Return to Forum List

Return to I Can Relate

SurvivingInfidelity.com® > I Can Relate

You are not logged in. Login here or register.

BS Questions for WS - Part 14

Pages: 1 · 2 · 3 · 4 · 5 · 6 · 7 · 8 · 9 · 10 · 11 · 12 · 13 · 14 · 15

Mickie500 posted 8/3/2020 15:07 PM

I wanted to repost this:

If you decided to go underground after DDay what kind of adjustments did you do? Was this further bonding you to your AP?
Did your AP gladly do this? Did you AP really want to be with you solely or they didn’t mind going underground because they didn’t want you to leave your spouse?

LadyG posted 8/4/2020 03:20 AM

To the WS who kept pushing for reconciliation when your BS is done and wants Divorce.

Did you rug sweep and just hope for the best.

I am battling my WS who just will not accept my terms.

I didn’t expect to ever be asking Questions on this forum again

Blindsided2425 posted 8/4/2020 11:51 AM

To the WS, why is there so much hostility toward the BS?
What is the purpose of rewriting the marriage narrative, would it have not just been easier to sit down and try to fix it?

MrCleanSlate posted 8/4/2020 12:31 PM

Mickie500,

What is Google Timeline

You can go onto your phone or computer, go to Google Maps, log onto your google account. Click on the hamburger (top left) and click on timeline. You can go to any specific date. It will show you exact travel path, how long you stopped at a store or restaurant. Kind of scary the amount of detail down to the second.

MrCleanSlate posted 8/4/2020 12:38 PM

Blindsided,


What is the purpose of rewriting the marriage narrative, would it have not just been easier to sit down and try to fix it?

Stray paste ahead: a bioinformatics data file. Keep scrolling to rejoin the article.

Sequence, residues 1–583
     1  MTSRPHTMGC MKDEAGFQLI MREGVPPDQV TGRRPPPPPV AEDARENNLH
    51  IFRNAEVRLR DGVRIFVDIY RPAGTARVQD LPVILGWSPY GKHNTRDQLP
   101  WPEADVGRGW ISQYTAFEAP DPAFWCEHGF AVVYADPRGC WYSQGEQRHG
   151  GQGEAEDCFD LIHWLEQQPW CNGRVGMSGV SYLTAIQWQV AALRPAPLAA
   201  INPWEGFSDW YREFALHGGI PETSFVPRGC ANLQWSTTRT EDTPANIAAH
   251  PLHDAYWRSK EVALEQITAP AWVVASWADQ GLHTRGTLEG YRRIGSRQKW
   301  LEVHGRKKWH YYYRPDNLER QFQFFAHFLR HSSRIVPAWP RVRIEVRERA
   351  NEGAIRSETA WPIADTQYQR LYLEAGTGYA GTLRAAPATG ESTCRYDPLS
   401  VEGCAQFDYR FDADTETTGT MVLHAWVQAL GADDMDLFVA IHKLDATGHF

Post D-day I was shocked that my BW wanted to work thing out with me. I had so convinced myself that she could care less about me. I realized what love meant in that moment. And also what a total and absolute idiot and asshole I had been.

I built up a false narrative in my head for a year before my A even started. My BW didn't love, didn't care about me, wasn't interested in me sexually, would rather spend time with her mother than me. You name it. It is kind of the playbook for an A where you have to rationalize that your BS is evil incarnate and you come up with all sorts of lame reasons why, otherwise we'd have to look in the mirror and accept that we are doing something really wrong and being a bad person.

I learnt post D-Day how much better it would have been to have dealt with my mental health issues and our M issues directly with my BW. Yes it would have been much better to have simply talked to my BW. (sigh).

Darkness Falls posted 8/4/2020 15:54 PM

LadyG,

Sometimes one party simply will not accept the other person’s terms in a divorce—with OR without infidelity involved. I’m sure it sucks shelling out the $ for divorce lawyers (my H and I didn’t so I don’t have personal experience) but that’s what they’re for—to make sure both spouse’s interests are represented, and then if necessary a judge can decide on distribution of assets and debts. It’s a business transaction like anything else—generally, nobody gets all their terms.

StrugglingCJ posted 8/6/2020 14:22 PM

Can I ask any WS.. At what point did you realise that you weren't helping the R by not being upfront and totally honest about the A and finally gave up rugsweeping/minimising in favour of trying to help heal your BS??

fooled13years posted 8/6/2020 15:32 PM

I had read a thread where BSs shared their reflection of how the WSs acted and what they said when confronted.

Is there any WSs who would share the confrontation from their point of view?

hikingout posted 8/6/2020 16:06 PM

CJ - I am sorry, I don't have anything really that I could tell you that would help. I confessed on my own and told everything pretty much in one sitting.

Fooled 13 years -

As I just said, I wasn't confronted so I had some benefit of thinking about how I wanted to go about the confession. And I had read here for a couple of months prior so I knew it was best just to rip the entire band-aid.

But, I still said a whole lot of stupid things that took a lot of time to recover from. I started out by saying I needed to tell him what had been going on because I would like to try and save our marriage if it was at all possible but that to do that I needed to be honest.